If youre not a convert to the hip and earthy downtown Nampa scene yet, you may be sick of hearing about it from those of us who are.
But get ready for some more gushing. Simple Sushi is the real deal.
What? Raw fish in this meat and potatoes (and sugar beets) town?
Yes. And not just any raw fish some of the freshest, most sustainably caught, delicately presented fish dishes you can find anywhere in Boise.
At first blush, its the sustainability that makes Simple Sushi different. After opening in March 2011, owners Clif and Tracy Volpi set out to have little impact on one of the earths most precarious resources: the sea. They stick to fish approved for conscientious eating by the Monterey Bay Aquarium, all shipped from Hawaii the day its caught. This devotion leads to a slightly different variety of fish that you may be used to seeing. For me, bored a little bit with ahi, salmon, shrimp and the usual sushi fare, it was welcome regardless of the reasons behind it.
You can still get many of the classics: spicy tuna, California (with crab, not krab), tuna and salmon sashimi. But depending on the season and the chefs whims, you may have a chance to try something new: blue marlin, king salmon, escolar and even barracuda have appeared on the chalkboard in recent weeks.
Ive overstuffed myself with friends at lunch (though Simple Sushi is dinner only this summer), but I think Ill just describe a recent dinner there with my wife, to give you an idea of the place.
Lucky to get the only open table on a Tuesday night in the intimate and often-packed room, we started with happy hour sake-tinis, half off their normal $7 to $8 cost. They consisted of a spicy sake Mary, served up, in a martini glass, that would have been better colder, and a pint glass full of sake, plum wine and berry juice a wonderfully tart and tasty treat for a summer night.
The Dungeness crab tower ($11) combined salty crab with bright seaweed salad and avocado. We opted for a salad sampler ($7) that came beautifully presented on a simple white serving dish with our choice of three distinct flavor profiles: spicy (but not hot) house-made kim chee, sour paper-thin cucumbers quick-pickled in vinegar, and the less describable but equally tasty Hawaiian ocean salad. This salad paired small pieces of squid with seaweed, ginger and burdock root, a sweet and pungent plant popular in Asia that has the added benefit of being a traditional medicinal plant (and seeds so pesky in attaching to clothes and fur that they are said to have inspired the invention of Velcro).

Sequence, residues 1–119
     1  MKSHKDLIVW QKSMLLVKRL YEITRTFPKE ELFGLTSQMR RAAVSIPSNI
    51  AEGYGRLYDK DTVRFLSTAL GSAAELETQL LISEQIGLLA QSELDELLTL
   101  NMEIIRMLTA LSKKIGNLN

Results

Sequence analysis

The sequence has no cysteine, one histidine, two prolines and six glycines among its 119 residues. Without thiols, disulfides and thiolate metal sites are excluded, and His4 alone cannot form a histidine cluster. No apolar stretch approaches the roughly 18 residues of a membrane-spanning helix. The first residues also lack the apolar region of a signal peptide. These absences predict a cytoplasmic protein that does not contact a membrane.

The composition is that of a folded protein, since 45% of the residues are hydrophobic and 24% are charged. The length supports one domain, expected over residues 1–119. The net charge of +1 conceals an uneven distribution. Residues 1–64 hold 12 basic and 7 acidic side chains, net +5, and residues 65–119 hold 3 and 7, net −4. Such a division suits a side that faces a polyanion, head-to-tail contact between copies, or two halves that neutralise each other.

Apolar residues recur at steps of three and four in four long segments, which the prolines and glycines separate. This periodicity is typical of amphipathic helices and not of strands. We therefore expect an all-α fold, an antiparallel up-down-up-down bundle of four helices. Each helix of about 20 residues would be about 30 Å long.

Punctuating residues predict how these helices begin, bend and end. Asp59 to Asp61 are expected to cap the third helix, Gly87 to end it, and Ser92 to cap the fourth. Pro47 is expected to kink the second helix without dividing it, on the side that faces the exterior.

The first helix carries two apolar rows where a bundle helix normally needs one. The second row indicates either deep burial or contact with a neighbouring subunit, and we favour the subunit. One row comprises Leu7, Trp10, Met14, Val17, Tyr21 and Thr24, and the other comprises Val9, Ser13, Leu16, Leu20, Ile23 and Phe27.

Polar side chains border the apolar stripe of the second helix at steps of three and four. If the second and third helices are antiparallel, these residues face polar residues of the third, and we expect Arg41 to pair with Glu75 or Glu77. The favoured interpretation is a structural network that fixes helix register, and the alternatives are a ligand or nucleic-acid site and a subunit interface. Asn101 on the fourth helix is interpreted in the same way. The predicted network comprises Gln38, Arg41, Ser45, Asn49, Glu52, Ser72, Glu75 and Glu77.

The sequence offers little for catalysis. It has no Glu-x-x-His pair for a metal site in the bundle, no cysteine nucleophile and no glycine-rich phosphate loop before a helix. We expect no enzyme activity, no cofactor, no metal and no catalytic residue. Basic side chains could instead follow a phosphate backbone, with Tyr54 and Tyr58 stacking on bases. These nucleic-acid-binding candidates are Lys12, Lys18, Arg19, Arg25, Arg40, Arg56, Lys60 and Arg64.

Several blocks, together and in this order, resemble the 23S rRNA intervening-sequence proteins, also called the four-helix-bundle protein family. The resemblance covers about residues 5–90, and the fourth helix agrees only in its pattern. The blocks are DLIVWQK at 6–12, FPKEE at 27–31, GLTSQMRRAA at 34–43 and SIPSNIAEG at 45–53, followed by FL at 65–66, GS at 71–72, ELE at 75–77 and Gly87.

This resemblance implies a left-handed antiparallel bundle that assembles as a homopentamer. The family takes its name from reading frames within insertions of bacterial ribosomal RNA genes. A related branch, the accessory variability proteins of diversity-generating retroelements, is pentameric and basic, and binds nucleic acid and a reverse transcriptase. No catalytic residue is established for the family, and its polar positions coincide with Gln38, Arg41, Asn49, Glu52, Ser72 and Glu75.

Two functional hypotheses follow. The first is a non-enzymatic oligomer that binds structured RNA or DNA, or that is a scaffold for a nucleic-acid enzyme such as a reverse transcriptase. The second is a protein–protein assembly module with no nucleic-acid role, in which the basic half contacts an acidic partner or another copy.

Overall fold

The delicate blend of flavors was perfect, and a pleasant precursor to our coming rolls. Though a little spendy, the large and specialty rolls here are meal-sized. Ive pushed myself past just one, but certainly never had to. (I do it for you!) On this night, we opted for a phoenix ($14), which topped spicy tuna and avocado with a delicious cap of quick-broiled crab. Each bit was delicious, but the spicy crab blend overpowered the raw fish a little.
I wanted to best experience the fresh fish of the day, so I ordered a couple of the hoso maki, small and simple rolls, with escarole and marlin ($7 each). They came with a house-made ponzu sauce, which is kind of a Japanese vinaigrette, but often is so heavy with soy sauce that you dont get the sour of its citrus base. Not here. It was light, far more sour than salty, and a perfect complement to the two white and subtle fish.
The dish catches a trend Im thrilled about, because Im obsessed with sour and happy to see it making some inroads off the edges of the plate. SunRay Cafe in Boises Hyde Park makes its own tasty pickles, and beer bars around town occasionally offer the growing number of Belgian-influenced, highly acidic sour beers (an acquired taste, but one worth acquiring). The best example Ive found is at the spectacular Thai restaurant Pok Pok in Portland, which serves its own vinegar-based drinks and a sour pork sausage that blew my socks off.
It may still seem a little strange to mention Nampa with the culinary bigshots of foodie-centric towns like Portland, but remember that nearby Brick 29s Dustan Bristol has been Idahos sole finalist for the coveted James Beard award for a few years.
And Simple Sushi shares a building (and an admittedly far-away bathroom) with Messenger Pizza, another relative newcomer worth making the drive for.
The innovations at Simple Sushi can be seen in the modern DIY-esthetic decor as well as the cuisine (like the best bar mixologists, the folks here love to whip you up a special one-off creation).
I hope chefs and restaurant owners in Boise take it as a challenge.
Email Gregory Hahn: firstname.lastname@example.org
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